Dvorak s Prophecy And the Vexed Fate of Black Classical Music

In I The Dvořák's Prophecy films are ingeniously “visualized” by my longtime colleague, the media artist Peter Bogdanoff. Peter's unusual gift for marrying music with the moving image has embellished countless projects I've undertaken, ...

Author: Joseph Horowitz

Publisher: W. W. Norton & Company

ISBN: 9780393881257

Category: Music

Page: 256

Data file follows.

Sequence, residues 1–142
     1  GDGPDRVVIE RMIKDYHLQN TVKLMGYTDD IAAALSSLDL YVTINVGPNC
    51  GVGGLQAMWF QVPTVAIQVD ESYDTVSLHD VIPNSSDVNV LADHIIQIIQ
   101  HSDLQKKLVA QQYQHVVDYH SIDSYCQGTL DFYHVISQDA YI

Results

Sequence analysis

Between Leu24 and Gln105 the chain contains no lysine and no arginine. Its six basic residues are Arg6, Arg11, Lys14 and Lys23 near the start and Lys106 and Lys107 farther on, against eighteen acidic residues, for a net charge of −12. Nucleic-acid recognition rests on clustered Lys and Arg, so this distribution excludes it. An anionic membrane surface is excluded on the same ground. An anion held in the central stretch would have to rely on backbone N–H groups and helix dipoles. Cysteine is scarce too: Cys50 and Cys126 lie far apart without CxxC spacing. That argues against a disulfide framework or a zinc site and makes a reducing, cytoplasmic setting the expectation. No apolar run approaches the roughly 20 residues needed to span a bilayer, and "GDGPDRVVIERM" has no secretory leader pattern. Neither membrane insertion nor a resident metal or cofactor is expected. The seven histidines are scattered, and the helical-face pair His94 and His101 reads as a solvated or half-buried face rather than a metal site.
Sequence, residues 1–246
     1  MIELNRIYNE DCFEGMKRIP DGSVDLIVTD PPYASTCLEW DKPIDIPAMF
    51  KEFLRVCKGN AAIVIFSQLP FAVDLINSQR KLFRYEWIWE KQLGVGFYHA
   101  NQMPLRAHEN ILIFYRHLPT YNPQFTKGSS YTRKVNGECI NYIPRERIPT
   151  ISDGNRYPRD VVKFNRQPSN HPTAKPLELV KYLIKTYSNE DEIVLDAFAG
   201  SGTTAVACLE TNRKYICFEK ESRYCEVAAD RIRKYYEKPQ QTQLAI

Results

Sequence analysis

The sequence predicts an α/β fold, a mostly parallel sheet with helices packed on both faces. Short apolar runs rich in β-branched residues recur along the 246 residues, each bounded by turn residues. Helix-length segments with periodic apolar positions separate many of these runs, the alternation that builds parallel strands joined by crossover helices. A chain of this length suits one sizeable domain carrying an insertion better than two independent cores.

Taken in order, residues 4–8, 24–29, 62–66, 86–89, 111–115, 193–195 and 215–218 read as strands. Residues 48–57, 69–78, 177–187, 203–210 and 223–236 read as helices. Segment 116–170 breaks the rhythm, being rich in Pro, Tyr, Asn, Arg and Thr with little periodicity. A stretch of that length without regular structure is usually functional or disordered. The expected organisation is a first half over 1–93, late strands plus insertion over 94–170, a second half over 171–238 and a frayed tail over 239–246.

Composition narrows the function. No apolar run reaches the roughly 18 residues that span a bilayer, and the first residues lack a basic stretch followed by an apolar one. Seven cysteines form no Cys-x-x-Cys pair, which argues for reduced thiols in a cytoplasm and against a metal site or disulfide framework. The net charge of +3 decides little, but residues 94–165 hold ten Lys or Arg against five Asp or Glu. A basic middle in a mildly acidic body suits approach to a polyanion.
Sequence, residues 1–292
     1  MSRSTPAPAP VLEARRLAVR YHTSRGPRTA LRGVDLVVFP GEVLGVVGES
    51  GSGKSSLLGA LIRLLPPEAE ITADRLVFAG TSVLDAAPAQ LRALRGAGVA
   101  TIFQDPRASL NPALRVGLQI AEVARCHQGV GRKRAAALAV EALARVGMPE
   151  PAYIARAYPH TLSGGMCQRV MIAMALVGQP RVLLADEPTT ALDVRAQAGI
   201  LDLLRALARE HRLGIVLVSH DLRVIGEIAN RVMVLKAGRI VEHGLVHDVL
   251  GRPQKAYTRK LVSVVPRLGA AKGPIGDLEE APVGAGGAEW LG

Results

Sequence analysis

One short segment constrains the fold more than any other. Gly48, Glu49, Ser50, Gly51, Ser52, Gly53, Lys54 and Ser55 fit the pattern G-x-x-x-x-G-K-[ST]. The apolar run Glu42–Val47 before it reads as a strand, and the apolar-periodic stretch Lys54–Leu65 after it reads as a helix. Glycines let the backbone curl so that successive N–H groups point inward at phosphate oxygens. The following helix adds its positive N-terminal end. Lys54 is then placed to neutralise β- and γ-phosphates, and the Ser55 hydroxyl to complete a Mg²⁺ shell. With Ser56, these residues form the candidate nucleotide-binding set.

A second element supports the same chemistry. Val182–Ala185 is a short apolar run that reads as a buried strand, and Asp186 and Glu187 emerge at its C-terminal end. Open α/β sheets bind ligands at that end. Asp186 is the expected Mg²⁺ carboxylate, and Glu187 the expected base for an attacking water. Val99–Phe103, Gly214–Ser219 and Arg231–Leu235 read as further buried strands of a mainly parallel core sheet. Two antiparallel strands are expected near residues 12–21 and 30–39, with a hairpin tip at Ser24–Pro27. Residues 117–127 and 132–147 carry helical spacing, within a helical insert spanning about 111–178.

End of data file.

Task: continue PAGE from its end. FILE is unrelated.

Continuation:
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A Kirkus Reviews Best Nonfiction Book of 2021 A provocative interpretation of why classical music in America "stayed white"—how it got to be that way and what can be done about it. In 1893 the composer Antonín Dvorák prophesied a “great and noble school” of American classical music based on the “negro melodies” he had excitedly discovered since arriving in the United States a year before. But while Black music would foster popular genres known the world over, it never gained a foothold in the concert hall. Black composers found few opportunities to have their works performed, and white composers mainly rejected Dvorák’s lead. Joseph Horowitz ranges throughout American cultural history, from Frederick Douglass and Huckleberry Finn to George Gershwin’s Porgy and Bess and the work of Ralph Ellison, searching for explanations. Challenging the standard narrative for American classical music fashioned by Aaron Copland and Leonard Bernstein, he looks back to literary figures—Emerson, Melville, and Twain—to ponder how American music can connect with a “usable past.” The result is a new paradigm that makes room for Black composers, including Harry Burleigh, Nathaniel Dett, William Levi Dawson, and Florence Price, while giving increased prominence to Charles Ives and George Gershwin. Dvorák’s Prophecy arrives in the midst of an important conversation about race in America—a conversation that is taking place in music schools and concert halls as well as capitols and boardrooms. As George Shirley writes in his foreword to the book, “We have been left unprepared for the current cultural moment. [Joseph Horowitz] explains how we got there [and] proposes a bigger world of American classical music than what we have known before. It is more diverse and more equitable. And it is more truthful.”

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